Home and the Horrific: Generational Trauma and Film

The family sits at the center of much of human society as one of its most fundamental social institutions. The form and shape of families varies from culture to culture and over time – from the traditional large, multigenerational family, to the “nuclear family” which bonds much of the modern social fabric, to our current plethora of vaguely defined and diverse types of families that can include distant relatives, partners, or others that live and care for each other. All of these family types come with a shared experience, a shared life, and, more often than not, shared trauma, trauma that runs down the family tree. Alcoholics beget alcoholics. Abusers beget abusers. Each person carries the weight of decades and centuries of damage from people they may never have known. Horror and the fantastic reflect this trauma in different ways. Things horrifying, fantastical, or abject can either be the product of, or an escape from, families that are oppressive. As we see in movies like Raw, Th…

I, Tonya: Relative Truths, Cycles of Abuse, and the Things We Burn For

1. Tonya Who?
Oh boy, I, Tonya
So it’s been brought to my attention that literally every other human in the world knew about Tonya Harding previous to this movie, and everyone had their opinions set in stone. Strong opinions about this Olympic figure skater.
But I learned all this after the fact. So many that colored my view of this movie. Am I gonna try to take sides on the entire debate one way or the other? Fuck no. The movie certainly doesn’t try to tell you what’s true. It’s extremely straightforward about that fact. Hell, Tonya Harding (Margot Robbie) turns toward the camera near the end of the movie and directly says as much: “there’s no such thing as truth! I mean, it’s bullshit! Everyone has their own truth, and life just does whatever the fuck it wants.”
Somehow it’s less important what exactly happened. Did Tonya fire a gun at Jeff Gillooly (Sebastian Stan)? Does it entirely matter? This story is about the cycles of abuse, it’s about passion and trauma and misogyny and the med…

Lady Bird: Trauma, Love, Life, the Universe, and Everything

You know, of the movies of 2017, the two that surprised me the most were I, Tonya, on which I will likely write next, and, of course, Lady Bird, the coming of age story directed, written, and loosely based on the life of Greta Gerwig.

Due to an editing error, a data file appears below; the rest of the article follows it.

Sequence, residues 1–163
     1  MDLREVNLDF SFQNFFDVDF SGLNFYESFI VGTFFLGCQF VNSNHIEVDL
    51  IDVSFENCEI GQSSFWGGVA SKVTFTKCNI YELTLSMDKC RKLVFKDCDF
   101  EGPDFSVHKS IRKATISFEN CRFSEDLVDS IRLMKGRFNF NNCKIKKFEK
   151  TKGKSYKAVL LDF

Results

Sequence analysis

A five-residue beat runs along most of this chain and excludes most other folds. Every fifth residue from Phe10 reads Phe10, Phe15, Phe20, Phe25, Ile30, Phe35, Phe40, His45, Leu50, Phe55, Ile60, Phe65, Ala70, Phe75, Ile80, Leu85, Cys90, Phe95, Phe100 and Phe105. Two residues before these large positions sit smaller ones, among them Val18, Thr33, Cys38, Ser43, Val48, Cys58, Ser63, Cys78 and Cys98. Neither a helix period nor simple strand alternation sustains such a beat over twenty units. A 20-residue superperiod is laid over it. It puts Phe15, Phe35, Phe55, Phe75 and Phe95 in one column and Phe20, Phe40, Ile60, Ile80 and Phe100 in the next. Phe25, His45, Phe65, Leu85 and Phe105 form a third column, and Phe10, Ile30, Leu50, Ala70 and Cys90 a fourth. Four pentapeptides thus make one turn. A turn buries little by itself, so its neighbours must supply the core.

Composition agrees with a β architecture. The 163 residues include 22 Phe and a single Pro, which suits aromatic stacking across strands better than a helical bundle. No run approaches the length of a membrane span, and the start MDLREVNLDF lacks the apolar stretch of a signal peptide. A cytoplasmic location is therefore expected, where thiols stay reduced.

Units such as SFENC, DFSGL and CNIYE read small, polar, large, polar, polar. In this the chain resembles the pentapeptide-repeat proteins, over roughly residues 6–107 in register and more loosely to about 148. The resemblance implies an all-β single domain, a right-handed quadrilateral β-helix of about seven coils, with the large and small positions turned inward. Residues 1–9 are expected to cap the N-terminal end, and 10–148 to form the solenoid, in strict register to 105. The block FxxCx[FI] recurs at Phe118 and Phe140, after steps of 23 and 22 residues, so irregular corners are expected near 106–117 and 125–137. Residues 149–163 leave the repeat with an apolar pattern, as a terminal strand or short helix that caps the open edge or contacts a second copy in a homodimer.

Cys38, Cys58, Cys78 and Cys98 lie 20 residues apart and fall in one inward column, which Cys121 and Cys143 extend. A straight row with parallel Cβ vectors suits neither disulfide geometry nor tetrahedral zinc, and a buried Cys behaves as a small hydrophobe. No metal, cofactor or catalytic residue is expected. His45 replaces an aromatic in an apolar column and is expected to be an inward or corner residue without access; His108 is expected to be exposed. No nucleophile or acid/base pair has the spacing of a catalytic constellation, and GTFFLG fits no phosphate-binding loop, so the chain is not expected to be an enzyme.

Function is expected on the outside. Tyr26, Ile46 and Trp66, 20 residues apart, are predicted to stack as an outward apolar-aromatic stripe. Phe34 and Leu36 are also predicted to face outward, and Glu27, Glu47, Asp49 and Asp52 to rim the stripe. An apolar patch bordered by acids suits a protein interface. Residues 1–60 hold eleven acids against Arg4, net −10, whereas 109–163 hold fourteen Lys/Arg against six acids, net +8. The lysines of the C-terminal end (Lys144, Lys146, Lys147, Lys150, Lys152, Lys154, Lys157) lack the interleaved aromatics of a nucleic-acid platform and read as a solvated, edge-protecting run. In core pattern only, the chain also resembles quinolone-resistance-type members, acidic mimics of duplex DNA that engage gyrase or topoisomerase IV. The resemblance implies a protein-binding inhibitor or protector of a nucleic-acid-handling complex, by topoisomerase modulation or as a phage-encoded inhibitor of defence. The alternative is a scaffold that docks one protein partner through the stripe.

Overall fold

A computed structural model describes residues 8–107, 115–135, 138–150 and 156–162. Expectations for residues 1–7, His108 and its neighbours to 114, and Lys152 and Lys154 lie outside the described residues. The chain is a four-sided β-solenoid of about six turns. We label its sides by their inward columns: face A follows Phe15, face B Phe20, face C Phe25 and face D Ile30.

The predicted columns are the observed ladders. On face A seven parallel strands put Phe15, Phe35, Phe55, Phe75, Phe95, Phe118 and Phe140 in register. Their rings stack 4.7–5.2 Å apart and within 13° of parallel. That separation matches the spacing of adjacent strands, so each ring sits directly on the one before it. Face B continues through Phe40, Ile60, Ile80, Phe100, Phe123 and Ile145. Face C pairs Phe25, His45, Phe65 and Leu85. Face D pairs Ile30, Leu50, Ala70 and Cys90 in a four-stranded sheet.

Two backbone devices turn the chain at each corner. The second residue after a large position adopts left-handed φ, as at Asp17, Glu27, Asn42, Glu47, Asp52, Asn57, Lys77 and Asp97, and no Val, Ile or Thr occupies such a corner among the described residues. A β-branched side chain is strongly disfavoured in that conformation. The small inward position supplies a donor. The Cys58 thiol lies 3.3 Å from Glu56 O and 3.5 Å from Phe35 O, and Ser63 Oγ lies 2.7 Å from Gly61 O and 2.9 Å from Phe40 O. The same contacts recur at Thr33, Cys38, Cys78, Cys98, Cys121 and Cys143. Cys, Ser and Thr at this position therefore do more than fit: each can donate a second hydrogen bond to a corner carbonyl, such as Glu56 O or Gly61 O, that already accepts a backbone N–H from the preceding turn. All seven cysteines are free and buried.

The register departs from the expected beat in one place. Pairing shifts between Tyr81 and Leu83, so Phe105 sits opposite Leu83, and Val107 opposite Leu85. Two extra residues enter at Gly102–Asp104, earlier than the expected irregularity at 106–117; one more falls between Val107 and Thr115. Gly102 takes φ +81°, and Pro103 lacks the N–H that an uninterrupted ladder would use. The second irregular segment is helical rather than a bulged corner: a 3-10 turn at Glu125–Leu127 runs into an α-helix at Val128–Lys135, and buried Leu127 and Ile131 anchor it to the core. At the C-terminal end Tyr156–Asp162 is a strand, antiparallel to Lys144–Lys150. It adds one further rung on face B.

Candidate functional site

Lady Bird, despite what people seem to expect, has nothing to do with Lady Bird Johnson. Instead, it follows Lady Bird McPherson (Saoirse Ronan) as she progresses through her senior year of high school, looking to the future, toward college, and toward some sense of freedom. It’s a story that nearly all of us can relate to, to some extent. A sense of wanderlust, a sense of wanting something bigger and better for ourselves, wanting to at least discover what we want. And all the while trying to figure a bunch of other shit out.
Lady Bird treats its characters and its situations with so much tenderness, showing their flaws and shortcomings just alongside their best aspects. The dialogue is beautifully done, coming across with a genuineness uncommon in film. T…

Eternal Sunshine of the Spotless Mind: Imperfect Lives, Perfect Moments

1. How Happy is the Blameless Vestal’s Lot?
Eternal Sunshine was one of the first movies that showed me what film could do, and what power it had to inspire feeling and passion.
Even more specifically than that, however, are three things I can point to that drew me to film, and one thing that inspired me to delve into Eternal Sunshine when I did.
The first of these influences, specifically with respect to forcing myself to take the plunge and start this blog, was Film Critic Hulk (@FilmCritHULK). If you’re unfamiliar, Film Critic Hulk is, as the name suggests, a twitter account that offers incredibly insightful and emotion criticism and analysis of film, TV, and the like, in the style of the Hulk (writing in all caps, referring to themselves in the third person, etc.). This style of criticism – insight mixed with an intense vulnerability – informed my approach to film writing.
The second was my best friend growing up. He always seemed drawn to film and screenwriting. I remember hearing a…